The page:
The Truth Is Out There: From The 1985 NBA Draft Lottery To The Olympics To Game-Fixing ... Which Sports Conspiracy Can You Believe?
Editor's Note: To read the footnotes, hover your cursor over the number. "You know," says the magician, "it's very easy to fix flipping a coin." For instance: The tosses before football games. Turns…
PUBLISHED: May 30, 2012
LENGTH: 33 minutes (8288 words)
“The cruelest thing you can do to Kerouac,” Hanif Kureishi has a character say in The Buddha of Suburbia, “is reread him at thirty-eight.” If that was true, I wondered as…
LENGTH: 24 minutes (6054 words)
Jesse Kramer is a 24-year-old freelance writer, of sorts, but one whose talents are actually in demand. Right out of USC, with a major in Business, Kramer started a business called Rap Rebirth.…
LENGTH: 11 minutes (2879 words)
Alex Haley sat at a desk typing notes while Malcolm—tall, austere, dressed always in a dark suit, a white shirt, and a narrow dark tie—drank cup after cup of coffee, paced the room, and talked. What emerged was the hegira of Malcolm’s life as a black man in mid-century America: his transformation from Malcolm Little, born in Omaha to troubled parents whose salve against racist harassment and violence was the black-nationalist creed of Marcus Garvey; to Detroit Red, a numbers-running hustler on the streets of Boston and New York; to a convicted felon known among fellow-prisoners as Satan; to Malcolm X, a charismatic deputy to the Nation of Islam’s leader, Elijah Muhammad, and the most electrifying proponent of black nationalism alive.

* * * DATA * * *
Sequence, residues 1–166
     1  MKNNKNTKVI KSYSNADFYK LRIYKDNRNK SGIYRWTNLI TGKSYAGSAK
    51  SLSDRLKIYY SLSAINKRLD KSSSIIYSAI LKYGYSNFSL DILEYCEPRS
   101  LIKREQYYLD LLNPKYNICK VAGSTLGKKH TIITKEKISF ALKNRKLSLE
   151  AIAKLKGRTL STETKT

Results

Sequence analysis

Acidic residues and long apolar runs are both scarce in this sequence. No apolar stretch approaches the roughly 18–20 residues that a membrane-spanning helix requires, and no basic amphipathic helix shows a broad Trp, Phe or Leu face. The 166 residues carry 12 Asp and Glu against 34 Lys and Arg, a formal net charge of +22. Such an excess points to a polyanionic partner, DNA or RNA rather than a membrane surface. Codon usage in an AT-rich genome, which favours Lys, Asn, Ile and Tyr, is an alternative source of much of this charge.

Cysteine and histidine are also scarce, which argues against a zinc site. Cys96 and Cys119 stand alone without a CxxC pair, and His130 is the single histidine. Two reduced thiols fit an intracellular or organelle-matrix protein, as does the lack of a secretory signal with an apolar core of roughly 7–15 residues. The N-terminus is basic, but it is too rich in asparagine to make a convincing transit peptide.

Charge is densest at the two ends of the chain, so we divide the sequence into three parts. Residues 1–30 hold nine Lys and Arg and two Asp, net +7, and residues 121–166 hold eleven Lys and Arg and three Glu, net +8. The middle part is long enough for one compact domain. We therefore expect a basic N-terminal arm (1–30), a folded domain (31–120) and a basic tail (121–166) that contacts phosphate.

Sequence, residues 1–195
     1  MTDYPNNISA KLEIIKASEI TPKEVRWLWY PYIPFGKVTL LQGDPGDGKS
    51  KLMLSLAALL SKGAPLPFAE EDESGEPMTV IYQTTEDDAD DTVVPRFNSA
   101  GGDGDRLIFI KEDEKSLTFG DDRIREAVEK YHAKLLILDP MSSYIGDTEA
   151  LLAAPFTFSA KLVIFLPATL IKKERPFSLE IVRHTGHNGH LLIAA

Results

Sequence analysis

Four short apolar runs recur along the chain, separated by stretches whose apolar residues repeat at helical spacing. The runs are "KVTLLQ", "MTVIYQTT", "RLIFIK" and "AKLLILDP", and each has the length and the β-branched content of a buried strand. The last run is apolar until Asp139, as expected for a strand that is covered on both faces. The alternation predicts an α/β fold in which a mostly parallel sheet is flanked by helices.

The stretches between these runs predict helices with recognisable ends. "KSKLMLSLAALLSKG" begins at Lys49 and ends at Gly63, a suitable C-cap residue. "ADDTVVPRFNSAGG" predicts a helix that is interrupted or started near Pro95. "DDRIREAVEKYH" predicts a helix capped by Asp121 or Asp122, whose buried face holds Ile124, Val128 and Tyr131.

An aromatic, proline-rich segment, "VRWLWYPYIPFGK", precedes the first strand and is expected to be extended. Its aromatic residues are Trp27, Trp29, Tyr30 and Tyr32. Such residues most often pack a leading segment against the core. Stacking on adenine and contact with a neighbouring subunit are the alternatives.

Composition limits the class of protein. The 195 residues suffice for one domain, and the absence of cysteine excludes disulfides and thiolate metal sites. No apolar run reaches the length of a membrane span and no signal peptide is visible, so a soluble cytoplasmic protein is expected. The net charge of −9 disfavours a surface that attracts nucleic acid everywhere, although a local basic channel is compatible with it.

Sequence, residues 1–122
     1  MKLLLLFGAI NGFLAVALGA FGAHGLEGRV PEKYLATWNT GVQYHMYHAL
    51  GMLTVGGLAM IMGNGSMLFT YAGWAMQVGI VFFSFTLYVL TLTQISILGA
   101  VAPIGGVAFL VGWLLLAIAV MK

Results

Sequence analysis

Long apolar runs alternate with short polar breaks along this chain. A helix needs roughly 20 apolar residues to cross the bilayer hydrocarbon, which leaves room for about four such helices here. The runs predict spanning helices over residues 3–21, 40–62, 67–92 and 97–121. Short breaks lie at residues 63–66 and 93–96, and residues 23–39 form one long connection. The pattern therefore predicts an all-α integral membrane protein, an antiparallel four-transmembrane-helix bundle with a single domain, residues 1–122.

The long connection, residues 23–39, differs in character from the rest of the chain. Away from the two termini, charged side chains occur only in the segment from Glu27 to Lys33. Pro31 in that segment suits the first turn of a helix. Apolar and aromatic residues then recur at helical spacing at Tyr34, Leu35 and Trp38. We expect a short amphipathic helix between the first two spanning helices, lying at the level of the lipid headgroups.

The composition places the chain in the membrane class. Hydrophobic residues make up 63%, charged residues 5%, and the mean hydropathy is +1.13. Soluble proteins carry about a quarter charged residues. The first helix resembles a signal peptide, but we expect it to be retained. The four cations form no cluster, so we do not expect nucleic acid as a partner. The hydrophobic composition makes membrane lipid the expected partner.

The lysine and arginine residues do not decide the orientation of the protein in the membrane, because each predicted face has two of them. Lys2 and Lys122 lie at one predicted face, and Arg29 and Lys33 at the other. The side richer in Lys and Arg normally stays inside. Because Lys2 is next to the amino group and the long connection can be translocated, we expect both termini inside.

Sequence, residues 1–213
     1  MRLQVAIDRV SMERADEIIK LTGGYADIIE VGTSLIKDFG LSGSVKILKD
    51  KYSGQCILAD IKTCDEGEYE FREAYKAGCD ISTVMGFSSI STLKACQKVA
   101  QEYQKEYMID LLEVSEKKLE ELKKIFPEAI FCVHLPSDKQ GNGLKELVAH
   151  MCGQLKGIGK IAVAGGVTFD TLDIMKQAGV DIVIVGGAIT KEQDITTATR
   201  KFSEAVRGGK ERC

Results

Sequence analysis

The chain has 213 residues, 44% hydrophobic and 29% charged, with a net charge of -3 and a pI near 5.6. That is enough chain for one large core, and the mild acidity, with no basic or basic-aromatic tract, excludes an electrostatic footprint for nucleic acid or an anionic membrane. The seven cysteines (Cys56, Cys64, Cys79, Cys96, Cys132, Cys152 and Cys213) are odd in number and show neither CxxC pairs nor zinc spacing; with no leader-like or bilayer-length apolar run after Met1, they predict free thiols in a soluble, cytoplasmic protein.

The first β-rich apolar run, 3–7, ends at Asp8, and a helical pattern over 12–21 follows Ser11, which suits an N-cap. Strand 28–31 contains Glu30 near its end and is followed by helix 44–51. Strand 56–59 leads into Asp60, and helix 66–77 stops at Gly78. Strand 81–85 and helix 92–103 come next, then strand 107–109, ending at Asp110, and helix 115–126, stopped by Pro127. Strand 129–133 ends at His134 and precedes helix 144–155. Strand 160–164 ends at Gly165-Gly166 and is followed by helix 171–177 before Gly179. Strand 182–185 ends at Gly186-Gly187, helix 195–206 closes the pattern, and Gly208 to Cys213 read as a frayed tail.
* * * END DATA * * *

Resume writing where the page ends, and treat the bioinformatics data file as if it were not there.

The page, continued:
"Brain time," as David Eagleman calls it, is intrinsically subjective. "Try this exercise," he suggests in a recent essay. "Put this book down and go look in a mirror. Now move your eyes back and forth, so that you're looking at your left eye, then at your right eye, then at your left eye again. When your eyes shift from one position to the other, they take time to move and land on the other location. But here’s the kicker: you never see your eyes move." There’s no evidence of any gaps in your perception—no darkened stretches like bits of blank film—yet much of what you see has been edited out. Your brain has taken a complicated scene of eyes darting back and forth and recut it as a simple one: your eyes stare straight ahead. Where did the missing moments go?
While in his senior year at NYU, Glover got an e-mail from David Miner with the message "I heard you write." Miner had gotten his name from Tina Fey, who got it from Amy Poehler, who got it from his teacher at Upright Citizens Brigade. They asked him for some writing samples. He sent the spec script he wrote for The Simpsons, along with one for Everybody Hates Chris, along with some sketches he had written. Miner and 30 Rock co-creator Fey liked them. Not yet having graduated from NYU, he was now a writer on 30 Rock.